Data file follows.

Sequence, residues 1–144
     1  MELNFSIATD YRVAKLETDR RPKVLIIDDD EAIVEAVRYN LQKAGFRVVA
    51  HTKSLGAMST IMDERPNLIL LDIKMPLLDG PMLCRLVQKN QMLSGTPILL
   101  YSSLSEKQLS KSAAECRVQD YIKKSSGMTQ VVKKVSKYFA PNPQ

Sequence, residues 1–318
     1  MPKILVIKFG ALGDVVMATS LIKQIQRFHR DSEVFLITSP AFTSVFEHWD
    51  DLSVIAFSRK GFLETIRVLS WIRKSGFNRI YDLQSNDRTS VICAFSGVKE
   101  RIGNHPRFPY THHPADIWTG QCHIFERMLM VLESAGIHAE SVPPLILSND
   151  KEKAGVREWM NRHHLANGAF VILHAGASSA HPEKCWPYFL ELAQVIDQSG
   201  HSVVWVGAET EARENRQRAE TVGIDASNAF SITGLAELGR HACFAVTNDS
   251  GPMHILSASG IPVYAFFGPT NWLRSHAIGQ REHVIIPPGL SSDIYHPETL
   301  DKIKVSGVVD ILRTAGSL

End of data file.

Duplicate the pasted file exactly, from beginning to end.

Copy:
Sequence, residues 1–144
     1  MELNFSIATD YRVAKLETDR RPKVLIIDDD EAIVEAVRYN LQKAGFRVVA
    51  HTKSLGAMST IMDERPNLIL LDIKMPLLDG PMLCRLVQKN QMLSGTPILL
   101  YSSLSEKQLS KSAAECRVQD YIKKSSGMTQ VVKKVSKYFA PNPQ

Sequence, residues 1–318
     1  MPKILVIKFG ALGDVVMATS LIKQIQRFHR DSEVFLITSP AFTSVFEHWD
    51  DLSVIAFSRK GFLETIRVLS WIRKSGFNRI YDLQSNDRTS VICAFSGVKE
   101  RIGNHPRFPY THHPADIWTG QCHIFERMLM VLESAGIHAE SVPPLILSND
   151  KEKAGVREWM NRHHLANGAF VILHAGASSA HPEKCWPYFL ELAQVIDQSG
   201  HSVVWVGAET EARENRQRAE TVGIDASNAF SITGLAELGR HACFAVTNDS
   251  GPMHILSASG IPVYAFFGPT NWLRSHAIGQ REHVIIPPGL SSDIYHPETL
   301  DKIKVSGVVD ILRTAGSL